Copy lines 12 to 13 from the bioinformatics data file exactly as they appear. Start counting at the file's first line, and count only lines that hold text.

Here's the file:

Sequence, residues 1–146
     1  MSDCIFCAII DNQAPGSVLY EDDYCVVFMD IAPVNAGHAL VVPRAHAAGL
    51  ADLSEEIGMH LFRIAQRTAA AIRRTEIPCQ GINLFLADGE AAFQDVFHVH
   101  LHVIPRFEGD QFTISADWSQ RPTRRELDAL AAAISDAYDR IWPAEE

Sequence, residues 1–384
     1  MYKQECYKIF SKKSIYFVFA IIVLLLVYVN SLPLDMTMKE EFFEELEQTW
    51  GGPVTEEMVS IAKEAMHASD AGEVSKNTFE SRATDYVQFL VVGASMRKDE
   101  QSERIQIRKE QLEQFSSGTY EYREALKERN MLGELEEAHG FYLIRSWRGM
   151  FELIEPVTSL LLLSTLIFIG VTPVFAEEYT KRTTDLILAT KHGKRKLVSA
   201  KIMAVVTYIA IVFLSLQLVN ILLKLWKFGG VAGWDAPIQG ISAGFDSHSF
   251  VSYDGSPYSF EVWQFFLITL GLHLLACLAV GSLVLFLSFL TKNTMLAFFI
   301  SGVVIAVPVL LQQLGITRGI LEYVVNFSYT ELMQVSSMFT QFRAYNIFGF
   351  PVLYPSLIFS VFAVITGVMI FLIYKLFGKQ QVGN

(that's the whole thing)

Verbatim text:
   301  SGVVIAVPVL LQQLGITRGI LEYVVNFSYT ELMQVSSMFT QFRAYNIFGF
   351  PVLYPSLIFS VFAVITGVMI FLIYKLFGKQ QVGN